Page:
New York: Here comes a new technology that may control the flow of heat the way electronic devices control electrical current – a discovery that could have applications in a diverse range of fields from electronics to textiles.
In most systems, heat flow is equal in both directions, so there are no thermal devices like electrical diodes.
“If we are able to control heat flow like we control electricity using diodes, then we can enable new and exciting thermal devices including thermal switches, thermal transistors, logic gates and memory,” said Xiulin Ruan, an associate professor in Purdue University’s school of mechanical engineering.
The concept uses tiny triangular structures to control ‘phonons’, quantum-mechanical phenomena that describe how vibrations travel through a material’s crystal structure.’
Rectification has made possible transistors, diodes and memory circuits central to the semiconductor industry.
The new devices are thermal rectifiers that might perform the same function, but with phonons instead of electrical current.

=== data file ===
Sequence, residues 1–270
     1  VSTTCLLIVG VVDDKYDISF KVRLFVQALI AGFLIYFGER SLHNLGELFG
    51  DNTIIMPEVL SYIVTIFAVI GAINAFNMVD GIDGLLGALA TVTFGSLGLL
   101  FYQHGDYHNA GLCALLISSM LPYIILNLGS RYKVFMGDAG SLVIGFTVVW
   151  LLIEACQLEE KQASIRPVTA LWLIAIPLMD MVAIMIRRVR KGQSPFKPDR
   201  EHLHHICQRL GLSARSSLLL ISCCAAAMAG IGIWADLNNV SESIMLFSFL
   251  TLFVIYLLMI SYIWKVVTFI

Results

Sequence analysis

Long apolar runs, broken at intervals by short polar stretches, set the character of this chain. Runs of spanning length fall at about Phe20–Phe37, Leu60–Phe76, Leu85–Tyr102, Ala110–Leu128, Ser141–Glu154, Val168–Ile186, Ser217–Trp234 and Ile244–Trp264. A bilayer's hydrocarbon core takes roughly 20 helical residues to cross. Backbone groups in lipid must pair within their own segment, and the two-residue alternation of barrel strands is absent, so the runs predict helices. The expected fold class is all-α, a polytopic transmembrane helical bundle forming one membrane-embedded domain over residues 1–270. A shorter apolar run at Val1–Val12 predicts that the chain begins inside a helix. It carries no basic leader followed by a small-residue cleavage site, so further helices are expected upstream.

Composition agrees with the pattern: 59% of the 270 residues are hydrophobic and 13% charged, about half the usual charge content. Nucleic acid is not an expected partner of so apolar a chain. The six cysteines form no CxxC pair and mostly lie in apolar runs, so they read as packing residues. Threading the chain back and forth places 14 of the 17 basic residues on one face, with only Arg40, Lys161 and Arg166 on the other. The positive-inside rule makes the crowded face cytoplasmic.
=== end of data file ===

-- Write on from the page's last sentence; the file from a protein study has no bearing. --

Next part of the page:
The researchers used an advanced simulation method called molecular dynamics to demonstrate thermal rectification in structures called ‘asymmetric graphene nanoribbons’.
Molecular dynamics simulations can simulate the vibrations of atoms and predict the heat flow in a material.
Graphene, an extremely thin layer of carbon, is promising for applications in electronics and computers, said the study appeared in the journal Nano Letters.
Findings also show thermal rectification is not limited to graphene but could be seen in other materials in structures such as pyramidal, trapezoidal or T-shaped designs.
“People are just starting to understand how it works, and it is quite far from being used in applications,” added Yong Chen, an associate professor in Purdue’s department of physics.